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The Irish World Heritage Centre to blossom

The Irish World Heritage Centre thinks big - and not just with its name – and gives us a ring

Published on October 14th 2009.

The Irish World Heritage Centre to blossom

Here’s a view of the proposed Irish World Heritage Centre on Queens Road in Cheetham Hill – which our colleagues on Crain’s Manchester Business ran yesterday and then , bless them, supplied us with the picture we have here.

For many years now the place has been considered too small to contain its ambition, which has prevented it apparently from ‘realising its full potential as a nationally and internationally significant attraction.’

But what’s the Irish World Heritage Centre, you might ask?

Well, it’s more the local Irish community’s community centre, in a stodgy early twentieth century building. It was opened twice, once in 1984, and then officially by the Irish Minister for Foreign Affairs, Peter Barry, in 1986.

It claims to be ‘the main venue for the Irish community of Manchester to socialise in a welcoming and friendly environment and pursue Irish cultural activities and celebrate the rich heritage of Ireland. Over the centuries, Irish people who emigrated have contributed to world progress. The Irish World Heritage Centre is dedicated to the achievements of those men and women, largely forgotten. It is a celebration of their success, a recognition of their achievements and of the positive contribution they made in the countries which they settled and will be a continuity of Ireland's story embracing the Irish global family of over 70 million.’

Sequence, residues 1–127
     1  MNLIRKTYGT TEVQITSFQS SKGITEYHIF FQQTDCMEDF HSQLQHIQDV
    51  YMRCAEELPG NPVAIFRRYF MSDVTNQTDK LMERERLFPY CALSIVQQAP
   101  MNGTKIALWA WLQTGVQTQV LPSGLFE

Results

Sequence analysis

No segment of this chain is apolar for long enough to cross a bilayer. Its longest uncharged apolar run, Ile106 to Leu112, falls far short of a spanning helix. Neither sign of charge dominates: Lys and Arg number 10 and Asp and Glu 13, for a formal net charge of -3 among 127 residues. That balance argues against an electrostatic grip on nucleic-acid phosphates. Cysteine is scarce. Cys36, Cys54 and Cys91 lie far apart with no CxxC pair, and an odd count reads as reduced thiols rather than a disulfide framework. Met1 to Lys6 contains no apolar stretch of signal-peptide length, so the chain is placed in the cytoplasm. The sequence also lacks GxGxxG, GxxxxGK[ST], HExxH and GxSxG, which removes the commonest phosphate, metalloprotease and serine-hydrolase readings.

Hardly the limpid language of Oscar Wilde but we know what they mean.

There’s a regular programme of events. On Wednesdays there’s a weekly activity including bingo, dancing and refreshments for the over fifties, and the Conradh Na Gaelige Irish Language Class, a social session involving singing, poetry or a short talk. Later this month from 23 October there’s the Sean Dempsey Set Dancing Festival.

For many years now the place has been considered too small to contain its ambition, which has prevented it apparently from ‘realising its full potential as a nationally and internationally significant attraction.’

In 2005 ago plans were put forward for a massive extension creating creating up to 750 new jobs.

The proposals envisaged the replacement of the existing Irish Centre with a new complex including a world-class museum and heritage centre, Gaelic football playing field and 100-bed hotel. It would also incorporate more than 200,000 sq ft of employment space.

These plans seem to have been scaled back. The new ideas submitted for planning permission to Manchester City Council are for a 30,000sq ft building with an exhibition space, multi-purpose function rooms, restaurant and bar.

Perhaps the most striking feature would be an outdoor space, for events and weddings, based on an Irish ring fort.

On 25 acres of nearby waste ground further building would deliver an 140-bedroom hotel, leisure centre and five-a-side complex. It seems the Gaelic footy pitches may have bitten the dust.

The ambition of the project has to be admired. What is certain is that with Manchester Fort shopping centre close by, new Manchester College facilities in the pipeline, the improvement of the housing stock, plus events such as the recent Cheetham Hill Festival, this most diverse of Manchester, indeed British, city areas seems to have turned a corner.

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RoibeardOctober 14th 2009.

Tús maith leath na hoibre!

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